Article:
Morgan City native wins inaugural Iron Horse Triathlon

By GEOFF STOUTE

gstoute@daily-review.com

MORGAN CITY — Richard Parker returned to his hometown and made his mark in the inaugural Iron Horse Triathlon Sunday.

The 39-year-old, who now lives on the Northshore, won the event with a total time of

55:17.7.

His time was just seconds ahead of second-place finisher Matt Kelso, who finished the event in 55:22.9.

Parker finished the event with a 6:50.8 mark in the 400-yard swim, a time of 34:22.2 in the 14-mile bike ride and a 12:49.1 finish in the two-mile run. He recorded transition times of 37.4 seconds between the swim and the cycling event

and a 38.2 second mark between the cycling and the run.

The swim was held in Lake Palourde, beginning at the parkway, while the cycling was held on the shoulder of La. 70 -- seven miles to the north of the parkway and seven miles back on the opposite shoulder of La. 70 south to the parkway. The run was from the parkway to Lake End Park where runners passed through a portion of the park before returning along the shoulder of La. 70 and back to the parkway.

Parker, who has been competing in triathlons for five years, said it felt good to come

back to his hometown and compete in a race.

“This is my hometown,” Parker said. “I wanted to come out and represent Morgan

City.”

Parker was joined in the top spot by Jeannie Theriot, 33, who is from Belle Rose but now lives in Baton Rouge. Theriot was the top overall female finisher with a combined time of 1:06.52.9.

Theriot, who finished 35th among all competitors, recorded a 9:17.7 swim, a 40:04.1 bike ride, and she concluded the run in 15:48. She had a 41.8 second

transition between the swim and the cycling and a time of 1:01.3 between the cycling and the run.

“It was fun,” Theriot said of the race. “I’m so excited about this race in the area because I’m from this area.”

Theriot said she and her husband, John, who finished fourth in Sunday’s event, have been competing in triathlons for about five years.

She said she trains for triathlons by doing half Ironmans and swimming, biking

and running two to three miles per week. She said she and her husband are preparing for a full Ironman in November.

Parker said he trains about 20 hours per week, which consists of swimming and bicycling about three times a week and running approximately five

miles a week.

While he has recorded a few first-place finishes in his triathlon career, he said he was surprised he finished on top in Sunday’s race.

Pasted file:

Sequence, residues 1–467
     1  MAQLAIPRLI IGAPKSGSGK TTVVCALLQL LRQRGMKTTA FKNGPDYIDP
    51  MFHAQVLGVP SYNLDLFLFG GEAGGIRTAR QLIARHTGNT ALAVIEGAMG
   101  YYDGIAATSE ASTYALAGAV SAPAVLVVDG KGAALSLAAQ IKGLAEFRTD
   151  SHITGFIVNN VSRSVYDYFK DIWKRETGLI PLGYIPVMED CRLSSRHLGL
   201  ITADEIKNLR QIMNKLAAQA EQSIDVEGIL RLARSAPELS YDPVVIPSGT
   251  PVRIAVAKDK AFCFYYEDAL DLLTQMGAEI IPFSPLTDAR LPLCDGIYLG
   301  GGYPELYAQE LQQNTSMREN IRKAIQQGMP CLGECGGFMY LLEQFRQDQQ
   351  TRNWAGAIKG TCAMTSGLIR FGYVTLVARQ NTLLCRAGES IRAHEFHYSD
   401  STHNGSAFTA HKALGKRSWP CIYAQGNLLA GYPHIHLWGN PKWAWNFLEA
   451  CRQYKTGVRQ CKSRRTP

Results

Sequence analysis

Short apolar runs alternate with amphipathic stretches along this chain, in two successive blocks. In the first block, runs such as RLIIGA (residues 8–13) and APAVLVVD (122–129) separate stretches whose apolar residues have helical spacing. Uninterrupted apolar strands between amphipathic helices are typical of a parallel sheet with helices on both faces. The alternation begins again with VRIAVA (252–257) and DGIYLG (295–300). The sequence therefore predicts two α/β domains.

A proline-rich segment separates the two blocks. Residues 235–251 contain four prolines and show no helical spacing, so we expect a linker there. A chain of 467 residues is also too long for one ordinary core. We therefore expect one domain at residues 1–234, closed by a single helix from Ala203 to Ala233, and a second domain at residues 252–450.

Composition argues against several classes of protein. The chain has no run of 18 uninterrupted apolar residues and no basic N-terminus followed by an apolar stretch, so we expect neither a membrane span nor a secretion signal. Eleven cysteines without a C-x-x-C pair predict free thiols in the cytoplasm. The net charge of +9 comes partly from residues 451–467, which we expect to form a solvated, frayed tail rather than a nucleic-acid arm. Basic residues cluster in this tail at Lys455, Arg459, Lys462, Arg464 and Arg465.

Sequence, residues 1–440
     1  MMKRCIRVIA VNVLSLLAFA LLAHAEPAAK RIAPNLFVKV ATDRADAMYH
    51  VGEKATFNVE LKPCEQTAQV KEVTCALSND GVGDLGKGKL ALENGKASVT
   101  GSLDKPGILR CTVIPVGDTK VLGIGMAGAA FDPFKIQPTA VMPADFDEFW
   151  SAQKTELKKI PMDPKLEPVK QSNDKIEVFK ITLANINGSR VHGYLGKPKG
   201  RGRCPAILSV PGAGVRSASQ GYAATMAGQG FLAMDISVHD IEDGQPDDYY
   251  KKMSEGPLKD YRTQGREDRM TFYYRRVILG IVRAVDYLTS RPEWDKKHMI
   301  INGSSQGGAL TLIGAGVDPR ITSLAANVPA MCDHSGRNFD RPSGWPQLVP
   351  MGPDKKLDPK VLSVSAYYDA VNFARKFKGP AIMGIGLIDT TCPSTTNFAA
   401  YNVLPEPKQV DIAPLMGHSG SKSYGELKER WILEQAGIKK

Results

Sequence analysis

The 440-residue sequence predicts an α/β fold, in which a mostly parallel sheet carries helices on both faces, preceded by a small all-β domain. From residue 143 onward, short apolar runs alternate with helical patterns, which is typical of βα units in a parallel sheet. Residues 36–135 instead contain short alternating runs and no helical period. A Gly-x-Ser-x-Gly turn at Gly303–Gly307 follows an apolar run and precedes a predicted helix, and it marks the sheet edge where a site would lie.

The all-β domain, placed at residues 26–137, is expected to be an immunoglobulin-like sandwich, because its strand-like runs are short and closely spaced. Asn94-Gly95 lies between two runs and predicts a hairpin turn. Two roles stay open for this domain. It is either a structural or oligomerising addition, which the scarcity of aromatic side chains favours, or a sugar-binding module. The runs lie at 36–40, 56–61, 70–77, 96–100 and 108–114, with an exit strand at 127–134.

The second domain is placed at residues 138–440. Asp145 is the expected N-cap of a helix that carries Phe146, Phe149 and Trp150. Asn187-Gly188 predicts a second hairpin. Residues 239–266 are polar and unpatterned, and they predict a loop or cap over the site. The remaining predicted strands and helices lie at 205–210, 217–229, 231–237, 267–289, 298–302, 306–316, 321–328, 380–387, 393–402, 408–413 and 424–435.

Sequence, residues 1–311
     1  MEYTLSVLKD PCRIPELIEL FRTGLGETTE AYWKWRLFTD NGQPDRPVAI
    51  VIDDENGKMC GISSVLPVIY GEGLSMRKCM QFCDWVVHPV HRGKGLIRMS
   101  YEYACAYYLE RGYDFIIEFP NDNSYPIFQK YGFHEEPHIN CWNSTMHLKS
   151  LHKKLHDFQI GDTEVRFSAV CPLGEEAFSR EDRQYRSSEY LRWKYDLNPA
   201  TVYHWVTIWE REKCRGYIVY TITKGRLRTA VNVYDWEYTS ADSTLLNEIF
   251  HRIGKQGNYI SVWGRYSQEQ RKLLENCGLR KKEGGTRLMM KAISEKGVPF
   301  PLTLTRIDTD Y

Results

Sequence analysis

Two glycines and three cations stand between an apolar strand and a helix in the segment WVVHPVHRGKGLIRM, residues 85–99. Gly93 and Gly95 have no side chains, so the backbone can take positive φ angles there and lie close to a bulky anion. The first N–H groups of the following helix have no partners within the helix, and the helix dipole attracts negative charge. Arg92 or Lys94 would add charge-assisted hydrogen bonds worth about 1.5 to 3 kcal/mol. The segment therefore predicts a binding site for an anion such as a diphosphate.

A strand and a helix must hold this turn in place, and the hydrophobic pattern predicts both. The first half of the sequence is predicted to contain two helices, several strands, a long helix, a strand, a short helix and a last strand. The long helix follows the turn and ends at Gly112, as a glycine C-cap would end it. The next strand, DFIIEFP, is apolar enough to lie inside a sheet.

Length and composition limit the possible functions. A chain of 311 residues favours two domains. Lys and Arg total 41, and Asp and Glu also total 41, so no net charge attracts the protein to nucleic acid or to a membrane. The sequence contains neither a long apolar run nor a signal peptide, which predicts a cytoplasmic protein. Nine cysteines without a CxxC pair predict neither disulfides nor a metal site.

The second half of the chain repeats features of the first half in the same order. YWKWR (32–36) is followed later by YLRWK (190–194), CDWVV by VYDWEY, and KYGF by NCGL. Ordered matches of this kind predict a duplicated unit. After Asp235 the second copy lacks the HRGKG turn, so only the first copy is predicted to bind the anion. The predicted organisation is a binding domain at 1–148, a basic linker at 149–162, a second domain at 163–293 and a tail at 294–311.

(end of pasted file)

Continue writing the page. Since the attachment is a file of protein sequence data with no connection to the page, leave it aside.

“It was a surprise because there were some strong competitors here,” he said.

Parker’s close finish ahead of Kelso certainly showed that, while third-place finisher Geoffrey Mire finished in 55:48.3

On the women’s side, Carleigh Kutac finished second with a time of 1:07.22.8, while

Stacy St. Cyr was third with a total time of 1:10.27.5

Race director Clay Leonard said a competitive race, along with having an event that could appeal to both beginners and experienced triathloners, were among the goals of the event.

Two of those beginners in this year’s race were Jodi Jett, 46, of Berwick and Bruce Pickering, 59, of Bayou Vista.

Jett, who has been exercising with the goal of losing about 120 pounds, said participating in a triathlon was not a goal when she began her weight-loss

trek in March 2009 but was something she picked up along the way.

She said that training for the event was a lot of fun, noting she lost 40 pounds since she began training.

She said while challenging, Sunday’s event was fun and certainly wouldn’t be her last triathlon.

As for her performance, she said: “I finished. I’ll put it that way. I finished, and I’m very

proud that I finished.”

Pickering said he got the competitive edge to participate after hearing a co-worker had completed one. “When I heard that she had competed in a triathlon, I said,

‘well, I can’t let her be in one and not me,’” he said.

He said that he found a used bicycle and started training for it for a few months with the help of Leonard and other event organizers.

He said he thought he did well in Sunday’s race.

As for if he planned to participate in any more, Pickering said, “I would like to think I

could. Try to better my time.”

Leonard said Monday that the race is something he would like to see held annually.

In fact, the first year’s event, he and his brother and fellow race director David Leonard said, exceeded their expectations.

While they were hoping between 100 to 150 competitors, they had 180 participants and they estimated 500 to 600 people at the event.

Leonard said participants were pleased with the event.

“All participants said, ‘you better watch out, you just created a monster,’” Clay Leonard said, explaining how the race would grow when the word was spread how good it went off.

Clay Leonard thanked all those who played a part in making the event successful,

especially volunteers and law enforcement in St. Mary and St. Martin parishes.

In addition to the Leonards, Lynn Lipari also served as a race director.

Proceeds from Sunday’s event will go to the Blazeman Foundation, who strives to

raise awareness and funds for the treatment and cure of Amyotrophic Lateral Sclerosis, more commonly known as ALS or Lou Gehrig’s Disease.

It’s a cause that’s close to the Leonard brothers as their father, Lynn Leonard, passed away from the disease in 1991 when he was 44 years old.

David Leonard noted there are several people in the area who suffer from the

disease, while some who participated in the race had family members who had passed away from ALS.

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